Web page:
Two mountains on the Maine/New Hampshire border without any of the crowds that are often seen in other parts of the White Mountains.
Spring hiking in the White Mountains
Was that winter ever going to end, New England? I've only been here less than 5 years but everybody said it was the worst one in decades. I can't really complain; there are too many opportunities for winter trips. However the real season which gets me down is the post-winter/pre spring season when trails in the mountains are almost impossible to hike. Its about this time of year that we restless hikers get tired of waiting for better conditions and hike through the slop. While it may be the middle of spring at the lower elevations, the mountains are just barely getting out of winter.

Today I decided to hike some lower-ish elevation mountains in the Evan's Notch area. Both East and West Royce were perfect to that end. Here's a hiking map-

There are a half-dozen ways to get to the summits of the Royces. The easiest and most direct route is mapped above; the East Royce Trail and Royce Trail bag both summits in 6.6 miles. The other popular option is the Laughing Lion Trail which is equidistant to the summits but does involve a drop down in to the Mad River Valley before ascending both summits. The Royce Trail from Brickett Place adds 3.2 miles to the total distance but has the advantage of going by Mad River Falls which is frequently included in White Mountain photographer's favorite places. The summits can also be hikes from the Wild River side which is infrequently completed. For the extremists, there's the Baldface-Royce Traverse which tags all the summits of the entire range in a very long and strenuous day hike. 

So there you have it- you can hike them in a pleasant half-day or an extremely long day. As for me, the spring conditions pretty much limited me to the half-day option.
The Royce Trail... in May
So this will be the third year where I have the deluded idea that the trails will be perfectly clear and glorious. When will I learn? As it turns out, East Royce was easily hiked without much snow. It was about a mile from the Evans Notch parking lot to the turn-off to East Royce. This involved a few small spring crossings a little snow but nothing too bad. Mud prevailed at the higher elevations. The 0.5 miles of trail to the summit of East Royce could be hiked without traction although I did get some pretty muddy and wet boots. I was too focused on the fact that I was finally outdoors for the first time in months. East Royce was a great view but there's a great lookout 0.2 miles past the summit which can't be missed-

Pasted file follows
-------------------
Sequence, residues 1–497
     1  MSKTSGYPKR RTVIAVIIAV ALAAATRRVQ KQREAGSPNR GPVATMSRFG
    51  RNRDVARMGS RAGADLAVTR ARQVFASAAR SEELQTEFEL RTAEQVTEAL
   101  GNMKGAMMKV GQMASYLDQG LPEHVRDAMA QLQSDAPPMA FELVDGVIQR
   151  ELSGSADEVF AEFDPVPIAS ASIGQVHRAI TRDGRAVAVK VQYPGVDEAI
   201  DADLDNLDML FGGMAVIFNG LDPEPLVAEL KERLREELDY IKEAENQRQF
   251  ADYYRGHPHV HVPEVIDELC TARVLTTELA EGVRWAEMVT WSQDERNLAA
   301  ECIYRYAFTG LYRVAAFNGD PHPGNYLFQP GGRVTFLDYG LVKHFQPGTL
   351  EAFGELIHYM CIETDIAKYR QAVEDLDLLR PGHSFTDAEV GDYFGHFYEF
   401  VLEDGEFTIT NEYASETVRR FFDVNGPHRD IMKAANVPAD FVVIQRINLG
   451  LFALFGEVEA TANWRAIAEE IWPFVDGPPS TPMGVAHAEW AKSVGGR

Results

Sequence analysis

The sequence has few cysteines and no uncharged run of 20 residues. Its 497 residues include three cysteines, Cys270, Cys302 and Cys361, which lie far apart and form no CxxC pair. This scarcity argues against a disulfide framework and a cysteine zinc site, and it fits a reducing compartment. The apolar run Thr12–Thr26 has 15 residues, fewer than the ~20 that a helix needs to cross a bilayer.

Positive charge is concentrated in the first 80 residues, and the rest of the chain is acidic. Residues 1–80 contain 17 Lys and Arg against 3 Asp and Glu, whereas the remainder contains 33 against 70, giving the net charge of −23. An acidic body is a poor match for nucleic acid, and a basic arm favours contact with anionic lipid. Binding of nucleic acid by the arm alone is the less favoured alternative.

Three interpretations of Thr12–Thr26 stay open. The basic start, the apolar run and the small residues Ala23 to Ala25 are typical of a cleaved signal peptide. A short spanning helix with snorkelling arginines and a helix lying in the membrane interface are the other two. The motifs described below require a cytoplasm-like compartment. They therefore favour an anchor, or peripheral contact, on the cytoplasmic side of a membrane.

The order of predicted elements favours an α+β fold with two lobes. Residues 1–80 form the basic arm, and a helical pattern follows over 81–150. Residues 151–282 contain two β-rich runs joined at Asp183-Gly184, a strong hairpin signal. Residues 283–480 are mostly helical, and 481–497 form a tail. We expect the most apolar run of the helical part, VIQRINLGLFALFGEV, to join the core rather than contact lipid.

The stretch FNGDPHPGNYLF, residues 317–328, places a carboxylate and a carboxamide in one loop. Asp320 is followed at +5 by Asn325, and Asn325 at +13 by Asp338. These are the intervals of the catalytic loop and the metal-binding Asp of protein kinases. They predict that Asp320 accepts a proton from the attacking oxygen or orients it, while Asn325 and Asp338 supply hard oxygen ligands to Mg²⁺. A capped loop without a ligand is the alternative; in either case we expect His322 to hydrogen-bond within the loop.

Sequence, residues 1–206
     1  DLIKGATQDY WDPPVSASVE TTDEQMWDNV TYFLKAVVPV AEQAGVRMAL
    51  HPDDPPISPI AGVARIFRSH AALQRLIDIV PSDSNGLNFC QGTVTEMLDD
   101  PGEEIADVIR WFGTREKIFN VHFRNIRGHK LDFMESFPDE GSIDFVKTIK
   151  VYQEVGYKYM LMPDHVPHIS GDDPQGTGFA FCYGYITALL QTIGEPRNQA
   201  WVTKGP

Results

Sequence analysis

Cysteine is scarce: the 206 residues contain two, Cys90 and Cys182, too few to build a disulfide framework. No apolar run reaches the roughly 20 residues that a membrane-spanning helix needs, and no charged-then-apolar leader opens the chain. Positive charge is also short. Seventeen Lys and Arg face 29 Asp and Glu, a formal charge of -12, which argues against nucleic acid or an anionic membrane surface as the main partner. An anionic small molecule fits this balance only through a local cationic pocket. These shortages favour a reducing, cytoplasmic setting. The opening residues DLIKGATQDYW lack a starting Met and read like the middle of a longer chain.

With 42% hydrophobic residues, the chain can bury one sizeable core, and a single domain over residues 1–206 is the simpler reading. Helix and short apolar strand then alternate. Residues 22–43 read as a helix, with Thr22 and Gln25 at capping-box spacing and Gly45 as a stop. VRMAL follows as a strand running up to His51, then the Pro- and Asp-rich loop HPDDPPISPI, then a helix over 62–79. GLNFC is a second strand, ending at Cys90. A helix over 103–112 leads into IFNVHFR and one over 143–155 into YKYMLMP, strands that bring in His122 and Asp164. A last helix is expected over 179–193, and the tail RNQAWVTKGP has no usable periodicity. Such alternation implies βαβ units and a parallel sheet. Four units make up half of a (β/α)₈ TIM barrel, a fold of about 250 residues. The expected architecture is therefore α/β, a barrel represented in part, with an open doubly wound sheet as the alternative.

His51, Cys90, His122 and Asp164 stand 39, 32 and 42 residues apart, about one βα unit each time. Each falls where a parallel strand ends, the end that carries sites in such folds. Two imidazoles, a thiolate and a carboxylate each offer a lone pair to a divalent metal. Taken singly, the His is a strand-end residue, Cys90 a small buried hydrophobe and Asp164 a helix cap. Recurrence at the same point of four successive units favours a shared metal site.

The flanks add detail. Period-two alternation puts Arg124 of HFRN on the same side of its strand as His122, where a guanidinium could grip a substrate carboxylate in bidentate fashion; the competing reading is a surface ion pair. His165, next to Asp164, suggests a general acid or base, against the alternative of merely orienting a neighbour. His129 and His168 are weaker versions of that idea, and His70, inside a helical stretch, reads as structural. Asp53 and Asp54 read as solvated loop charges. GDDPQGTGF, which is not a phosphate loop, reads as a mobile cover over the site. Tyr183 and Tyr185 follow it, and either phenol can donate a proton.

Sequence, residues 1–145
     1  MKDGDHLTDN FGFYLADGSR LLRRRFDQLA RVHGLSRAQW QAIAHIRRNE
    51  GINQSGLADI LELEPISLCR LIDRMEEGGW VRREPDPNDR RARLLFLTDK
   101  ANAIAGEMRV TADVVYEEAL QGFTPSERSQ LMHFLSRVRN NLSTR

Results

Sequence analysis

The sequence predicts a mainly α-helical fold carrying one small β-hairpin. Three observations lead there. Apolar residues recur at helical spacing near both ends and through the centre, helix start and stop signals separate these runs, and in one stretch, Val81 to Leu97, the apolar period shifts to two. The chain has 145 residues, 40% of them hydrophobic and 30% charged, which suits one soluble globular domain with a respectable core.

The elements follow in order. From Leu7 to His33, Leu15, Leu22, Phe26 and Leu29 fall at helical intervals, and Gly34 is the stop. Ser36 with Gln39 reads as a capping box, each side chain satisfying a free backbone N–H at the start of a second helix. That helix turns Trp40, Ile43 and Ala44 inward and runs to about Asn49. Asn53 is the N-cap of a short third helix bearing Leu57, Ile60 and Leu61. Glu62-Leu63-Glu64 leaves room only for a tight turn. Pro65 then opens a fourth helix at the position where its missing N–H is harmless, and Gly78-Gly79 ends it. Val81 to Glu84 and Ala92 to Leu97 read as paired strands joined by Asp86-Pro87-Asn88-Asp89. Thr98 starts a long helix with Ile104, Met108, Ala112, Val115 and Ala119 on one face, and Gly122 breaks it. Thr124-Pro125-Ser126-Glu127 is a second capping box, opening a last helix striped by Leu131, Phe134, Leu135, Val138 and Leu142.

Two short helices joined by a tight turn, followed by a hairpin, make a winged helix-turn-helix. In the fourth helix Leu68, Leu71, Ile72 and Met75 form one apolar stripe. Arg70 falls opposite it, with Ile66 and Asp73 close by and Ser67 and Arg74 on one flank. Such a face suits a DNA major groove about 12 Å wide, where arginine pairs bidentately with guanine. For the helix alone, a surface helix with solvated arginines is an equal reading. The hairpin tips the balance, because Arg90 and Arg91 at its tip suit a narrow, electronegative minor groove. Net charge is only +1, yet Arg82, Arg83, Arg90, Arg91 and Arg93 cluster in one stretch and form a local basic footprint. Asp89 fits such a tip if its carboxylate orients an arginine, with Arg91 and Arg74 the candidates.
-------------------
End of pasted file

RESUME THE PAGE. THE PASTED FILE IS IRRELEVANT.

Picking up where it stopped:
Misty and spring-y day on the Royce trail
Back down to the Royce turn-off, I continued on through the notch between the two summits and towards West Royce. As cols usually go, the area was completely snowed in. The snow was about a half-foot deep and probably won't melt until mid June. It was a muddy and snowy mess but I didn't have much trouble with good boots and gaiters.

The last 0.7 miles up the summit of West Royce were completely icy and snowy- I'm glad I brought along traction. Micro-spikes were fine; there was no need for snowshoes or full crampons. Nevertheless, it was slow going. The summit of West Royce had only directional views. If you're hiking for views only, I'd recommend East Royce and the northern viewpoint over West Royce. 
West Royce, as seen from East Royce
Overall, the conditions are very much "early spring status". I wouldn't want to hike anything this season without some adequate traction. There were some sections that were completely free of snow and ice with others that were as icy as they would be in November/December. Classic for this time of year! 

The Evans Notch area has some fantastic summits that are much less crowded than the other summits of the White Mountains. I've been impressed with some challenging but rewarding hikes on both sides- Speckled Mountain and Caribou Mountain are less than 3,000 feet but have better views than many 4kers. The well-known Baldfaces, Meader, Eagle Craig, Eastman and Royces are low to mid 3,000's and equally glorious. I look forward to continuing to explore this area of the Whites.

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